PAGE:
Guidelines for Research Papers

This paper is an opportunity for you to explore an area of interest in greater depth than can be achieved in class. The paper should be about 10 pages long. An important aspect of this type of exploration is that, after careful research and exploration of divergent sources, you should have a clear viewpoint (often called a thesis) that provides a framework for the reader to understand complex data. Sometimes you may adopt the viewpoint of a particular author whose argument convinces you. That's fine, but if you do, you need to take incorporate and explain divergent opinions or data that may conflict. In other words, your essay should not merely restate the work of one author.


1. Your essay should contain: an introductory paragraph with thesis statement and summary of the three or four points you intend to make; the body of the paper which develops these major points; and a concluding paragraph summarizing your points. Here's an example of an introductory paragraph following this format:

"Sacred spaces in Europe during the Middle Ages were sharply divided along two similar but not identical axes: clerical/secular and male/female. Yet in the thirteenth and fourteenth centuries a small group of women called Beguines, themselves neither monastic nor secular, managed to construct a different kind of sacred space, one in which they had particular ease of access. They were so successful at this endeavor that others, both lay and secular, accepted their abilities in this "alternate" sacred realm. In this paper I examine three of the interconnected ways in which beguine holy women constructed new sacred spaces: through the concepts of (1) access to heavenly space via ecstatic visions in the earthly sacred realm (that is, churches); (2) the construction of heavenly spaces in which women were agents of transformation; and (3) "holiness" as a particular type of sanctity."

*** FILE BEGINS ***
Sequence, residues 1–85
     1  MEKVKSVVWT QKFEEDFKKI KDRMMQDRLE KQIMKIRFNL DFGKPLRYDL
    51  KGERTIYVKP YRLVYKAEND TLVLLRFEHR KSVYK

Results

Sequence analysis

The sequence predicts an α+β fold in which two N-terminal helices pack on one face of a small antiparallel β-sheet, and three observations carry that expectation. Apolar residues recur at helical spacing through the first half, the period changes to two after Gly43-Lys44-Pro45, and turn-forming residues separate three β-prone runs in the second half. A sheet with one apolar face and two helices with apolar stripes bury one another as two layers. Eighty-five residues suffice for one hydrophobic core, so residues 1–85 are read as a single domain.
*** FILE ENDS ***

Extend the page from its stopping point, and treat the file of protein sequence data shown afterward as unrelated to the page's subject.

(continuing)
It may seem "unartistic" but it has the value of letting your reader know exactly what your paper is about.

2. Social science/humanities papers do not use extensive quotes. Yet you must substantiate your work by clearly footnoting your sources. For essential tips refer to The Ten Commandments of Essay Writing.

3. You must provide a cover sheet with your name and title. Do not print your name at the top of each page. This allows me to fold back the cover sheet and read the essays "blind" without prejudging them.

4. You must provide an annotated bibliography at the end of your paper. An annotated bibliography lists your sources and also provides a short (one paragraph) evaluation of them. "This seems like reliable information" is not satisfactory. You must evaluate your sources by:

a) comparing information in them with the Encyclopedia of Religion, Encyclopedia Judaica, Catholic Encyclopedia Online, or Encyclopedia Britannica Online. Web sources are ok as a supplement or preliminary search tool but should not be your main sources. If you use them, make sure you include the URL in your bibliography.

b) find out about the author(s) - do they have an academic or a religious background? Check the date published. Be suspicious of materials published before the 1980s. Can you find a more recent source?

c) check information by comparing your sources. Do they agree with each other?

d) find out if the book has been reviewed (reference librarians can help with this)